When I Cry, I Cry for Both of Us – Israeli Politics and the Eurovision |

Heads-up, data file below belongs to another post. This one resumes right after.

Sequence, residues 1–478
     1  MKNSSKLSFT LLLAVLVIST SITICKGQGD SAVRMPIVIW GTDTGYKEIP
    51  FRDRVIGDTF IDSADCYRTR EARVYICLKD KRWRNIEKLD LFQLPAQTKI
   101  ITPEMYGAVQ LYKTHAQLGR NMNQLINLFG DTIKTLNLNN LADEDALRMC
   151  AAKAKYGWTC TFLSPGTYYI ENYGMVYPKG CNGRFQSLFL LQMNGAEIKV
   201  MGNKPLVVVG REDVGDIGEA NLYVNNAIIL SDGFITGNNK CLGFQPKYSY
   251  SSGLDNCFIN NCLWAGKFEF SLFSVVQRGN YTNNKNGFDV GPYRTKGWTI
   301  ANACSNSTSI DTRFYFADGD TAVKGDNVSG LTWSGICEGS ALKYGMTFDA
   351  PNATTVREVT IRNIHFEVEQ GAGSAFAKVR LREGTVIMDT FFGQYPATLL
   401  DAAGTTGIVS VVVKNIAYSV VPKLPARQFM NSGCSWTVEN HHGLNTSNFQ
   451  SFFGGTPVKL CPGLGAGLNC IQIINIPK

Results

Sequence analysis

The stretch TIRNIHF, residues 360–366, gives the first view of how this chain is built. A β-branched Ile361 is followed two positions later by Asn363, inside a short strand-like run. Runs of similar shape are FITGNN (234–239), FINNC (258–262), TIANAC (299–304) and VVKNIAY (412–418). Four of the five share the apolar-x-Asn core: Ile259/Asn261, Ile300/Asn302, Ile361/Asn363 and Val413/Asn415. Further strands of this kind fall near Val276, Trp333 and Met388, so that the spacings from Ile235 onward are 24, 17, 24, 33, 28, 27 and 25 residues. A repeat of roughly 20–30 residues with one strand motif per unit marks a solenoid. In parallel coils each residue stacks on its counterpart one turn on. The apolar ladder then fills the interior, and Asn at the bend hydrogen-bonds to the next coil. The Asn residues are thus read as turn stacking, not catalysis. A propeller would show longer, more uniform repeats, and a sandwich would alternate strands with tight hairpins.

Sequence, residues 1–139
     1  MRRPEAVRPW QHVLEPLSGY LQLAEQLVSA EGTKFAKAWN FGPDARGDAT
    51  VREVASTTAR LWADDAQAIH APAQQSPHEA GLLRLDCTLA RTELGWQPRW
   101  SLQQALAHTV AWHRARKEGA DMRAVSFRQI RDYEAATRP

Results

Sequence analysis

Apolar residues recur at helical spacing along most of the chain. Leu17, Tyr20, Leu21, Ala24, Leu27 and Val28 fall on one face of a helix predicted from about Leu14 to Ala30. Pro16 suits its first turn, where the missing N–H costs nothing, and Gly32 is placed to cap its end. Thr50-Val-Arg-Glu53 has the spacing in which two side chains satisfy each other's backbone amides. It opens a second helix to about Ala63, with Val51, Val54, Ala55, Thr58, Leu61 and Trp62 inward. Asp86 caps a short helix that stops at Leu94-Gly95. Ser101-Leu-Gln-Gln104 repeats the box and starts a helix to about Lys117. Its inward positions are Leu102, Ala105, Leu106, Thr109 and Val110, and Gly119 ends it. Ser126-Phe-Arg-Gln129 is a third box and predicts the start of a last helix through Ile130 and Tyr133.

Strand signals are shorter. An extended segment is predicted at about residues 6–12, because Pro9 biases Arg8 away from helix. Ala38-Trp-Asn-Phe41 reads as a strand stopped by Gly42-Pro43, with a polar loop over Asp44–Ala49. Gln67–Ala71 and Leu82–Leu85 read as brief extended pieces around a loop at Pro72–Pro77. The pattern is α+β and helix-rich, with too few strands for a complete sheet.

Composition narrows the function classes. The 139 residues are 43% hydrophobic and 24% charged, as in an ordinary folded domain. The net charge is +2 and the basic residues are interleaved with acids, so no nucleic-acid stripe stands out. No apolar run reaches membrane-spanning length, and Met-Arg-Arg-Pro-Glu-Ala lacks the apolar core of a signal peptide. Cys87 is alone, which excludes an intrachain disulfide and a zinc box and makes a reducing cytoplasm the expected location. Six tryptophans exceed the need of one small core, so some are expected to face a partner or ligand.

Everything you do or say in Israel can be construed as political, from the paper you read to the lunch you eat. It's no wonder, then, that so many songs sent to represent Israel at the Eurovision song contest over the years have raised quite a bit of ruckus on the way. Let's take a quick stroll down memory lane: In 1974, just after the Yom Kippur war, Israeli band Kaveret sang at Brighton, UK, "There's enough air for a country or two". In 1983, a decade after the Olympics massacre and half a century after WWII, singer Ofra Haza, in front of a German audience in Munich, sang "I am still alive". In 1991 at Rome, Italy, a singing Duo Datz wished whoever comes 'Ahalan' in Arabic, but stated they were born 'here' and so were their children. At the 2000 contest in Stockholm, Sweden, things got so hectic that the band Ping-Pong were disavowed by the Israeli Broadcasting Authority after insisting on waving an Israeli and a Syrian flag (and some cucumbers). In 2007 at Helsinki, Finland, Israeli